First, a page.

PRIVATE SCHOOL FEES
UP 24% in 5 years
The cost of sending a child to private school in the UK has risen by 24 per cent in the past five years, according to a new survey commissioned by Lloyds Bank .
The survey found some concerns among parents that they will not be able to afford the cost of tuition in coming years. However, the vast majority of those polled said their final decision about which school to send their child to was not motivated by cost. One wonders for how long this will continue.
The FT recently pointed out that a private school education is soaring out of the reach of the professional classes whose income is not even remotely keeping pace with the rise in fees. These striving, financially stressed parents are now dubbed ‘cling-ons’. It is estimated that sending two children to a private school from the age of 4 to 18 currently costs an average of £610,000. One example, given by the FT, by no means untypical it seems, is Alleyn’s School in Dulwich, a co-educational private day school, where day fees shot up 49 per cent in real terms in the years between 2003 and 2013. Day schools are less expensive than boarding schools, and last year there was a fall in the number of pupils attending boarding schools.
Even the top 1 per cent of earners – among the group the FT has named the über-middles, composed of people such as doctors, lawyers and bankers – have seen only a 9 per cent rise over the decade, opening up a big gap between the increases in school fees and in their own earnings. Many parents are now seeking ingenious ways of alleviating the burden of fee payments using various tax efficient payment schemes, often with the help of schools.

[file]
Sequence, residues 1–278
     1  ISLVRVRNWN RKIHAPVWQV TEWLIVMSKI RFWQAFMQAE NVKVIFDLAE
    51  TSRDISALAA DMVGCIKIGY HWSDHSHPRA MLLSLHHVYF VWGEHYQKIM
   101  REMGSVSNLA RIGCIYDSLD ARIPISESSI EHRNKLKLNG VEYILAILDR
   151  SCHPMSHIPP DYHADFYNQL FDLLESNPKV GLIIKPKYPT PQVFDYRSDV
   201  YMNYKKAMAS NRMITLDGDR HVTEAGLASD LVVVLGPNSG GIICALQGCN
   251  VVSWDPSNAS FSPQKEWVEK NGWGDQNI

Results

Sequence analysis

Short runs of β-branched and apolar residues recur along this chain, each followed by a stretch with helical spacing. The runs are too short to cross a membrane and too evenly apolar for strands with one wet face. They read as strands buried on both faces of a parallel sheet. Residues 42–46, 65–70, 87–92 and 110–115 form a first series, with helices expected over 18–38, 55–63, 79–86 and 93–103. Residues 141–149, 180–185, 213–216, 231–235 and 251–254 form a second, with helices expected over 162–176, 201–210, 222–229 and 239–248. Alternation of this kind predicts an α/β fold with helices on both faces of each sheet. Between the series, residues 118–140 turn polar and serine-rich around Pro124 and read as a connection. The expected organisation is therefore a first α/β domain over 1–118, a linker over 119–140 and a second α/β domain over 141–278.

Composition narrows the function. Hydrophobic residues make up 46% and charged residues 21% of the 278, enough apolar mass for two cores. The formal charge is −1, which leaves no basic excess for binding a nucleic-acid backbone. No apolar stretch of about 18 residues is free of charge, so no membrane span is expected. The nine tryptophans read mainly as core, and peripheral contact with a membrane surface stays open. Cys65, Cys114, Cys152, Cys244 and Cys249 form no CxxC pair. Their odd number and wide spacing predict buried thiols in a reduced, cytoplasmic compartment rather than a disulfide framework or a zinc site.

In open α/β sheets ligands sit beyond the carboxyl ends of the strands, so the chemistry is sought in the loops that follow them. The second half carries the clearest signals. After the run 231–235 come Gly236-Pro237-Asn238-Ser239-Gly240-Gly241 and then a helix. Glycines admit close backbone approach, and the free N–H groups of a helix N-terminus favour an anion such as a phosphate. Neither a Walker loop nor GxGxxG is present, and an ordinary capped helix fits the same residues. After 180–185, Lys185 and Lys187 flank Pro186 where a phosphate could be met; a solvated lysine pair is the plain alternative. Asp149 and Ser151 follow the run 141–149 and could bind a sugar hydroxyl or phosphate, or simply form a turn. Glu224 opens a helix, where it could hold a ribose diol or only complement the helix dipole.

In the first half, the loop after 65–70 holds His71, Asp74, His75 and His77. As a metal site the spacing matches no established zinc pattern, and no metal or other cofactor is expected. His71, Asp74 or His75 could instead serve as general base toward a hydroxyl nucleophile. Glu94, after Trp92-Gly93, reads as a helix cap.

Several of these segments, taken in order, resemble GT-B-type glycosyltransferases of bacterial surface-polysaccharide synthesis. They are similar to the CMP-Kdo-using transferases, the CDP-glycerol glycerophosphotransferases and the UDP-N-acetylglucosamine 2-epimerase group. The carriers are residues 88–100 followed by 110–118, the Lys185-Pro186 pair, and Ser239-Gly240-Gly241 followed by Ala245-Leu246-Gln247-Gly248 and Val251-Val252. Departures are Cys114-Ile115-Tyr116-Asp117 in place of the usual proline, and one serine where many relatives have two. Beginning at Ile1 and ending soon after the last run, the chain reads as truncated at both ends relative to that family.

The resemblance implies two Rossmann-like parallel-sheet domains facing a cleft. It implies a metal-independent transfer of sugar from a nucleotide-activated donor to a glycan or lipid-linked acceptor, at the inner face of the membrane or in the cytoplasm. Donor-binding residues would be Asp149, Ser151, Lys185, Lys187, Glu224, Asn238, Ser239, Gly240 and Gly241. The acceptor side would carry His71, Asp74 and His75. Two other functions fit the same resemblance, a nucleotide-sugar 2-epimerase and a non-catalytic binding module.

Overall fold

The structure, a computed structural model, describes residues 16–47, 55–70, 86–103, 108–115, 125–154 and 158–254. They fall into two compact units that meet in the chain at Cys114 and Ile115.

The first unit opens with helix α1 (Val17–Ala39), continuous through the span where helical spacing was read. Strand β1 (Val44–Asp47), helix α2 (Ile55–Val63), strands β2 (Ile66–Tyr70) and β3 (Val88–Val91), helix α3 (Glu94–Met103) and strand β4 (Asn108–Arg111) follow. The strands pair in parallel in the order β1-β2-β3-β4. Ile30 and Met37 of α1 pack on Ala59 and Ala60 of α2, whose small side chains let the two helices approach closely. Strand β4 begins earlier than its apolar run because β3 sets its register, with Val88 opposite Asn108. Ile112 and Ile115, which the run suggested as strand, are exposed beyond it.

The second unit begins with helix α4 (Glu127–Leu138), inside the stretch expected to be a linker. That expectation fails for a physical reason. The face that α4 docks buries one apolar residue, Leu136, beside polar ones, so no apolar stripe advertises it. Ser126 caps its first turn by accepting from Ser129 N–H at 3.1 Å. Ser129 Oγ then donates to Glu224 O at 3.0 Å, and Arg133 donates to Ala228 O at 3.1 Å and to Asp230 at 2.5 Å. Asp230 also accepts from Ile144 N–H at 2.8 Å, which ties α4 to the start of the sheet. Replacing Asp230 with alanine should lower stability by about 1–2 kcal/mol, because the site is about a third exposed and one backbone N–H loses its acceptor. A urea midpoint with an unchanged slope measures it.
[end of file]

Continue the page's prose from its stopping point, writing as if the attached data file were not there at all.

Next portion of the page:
Tatler the up market style magazine, which targets middle class, aspirational readers, is now highlighting good state schools as the financial pressures take their toll on its readers.
The main pressure on fees comes from teachers pay and pensions in the independent sector. There will always be demand for private education, and places in the best schools can always be filled by pupils from abroad. But most schools seek a balanced intake and don’t want to be filled exclusively with pupils from abroad. However, if UK parents are finding it harder and harder to raise the fees, it seems likely that over the longer term families who have for generations sent their children to private schools will look to the state sector, and the independent sector will find it harder to entice UK born children through their doors. Currently around 7% of children go to private school, although in London its closer to 12% ,and 18 % pupils over the age of 16 are privately educated.
1 Overseas pupils made up 5.1% of the total ISC pupil population in
2 One payment scheme to ease the burden sees parents paying their children’s school fees upfront as a lump sum — anything from a term to several years’ worth The school will take the money and invest it in low-risk investments. Any profit the school makes is tax-free because of their charitable status (ie they have to have charitable status to benefit from this scheme). The school then splits the benefit with the parents. Those parents are given what the schools class as a discount based on the profit the school makes from the investment. And the school keeps whatever is left over.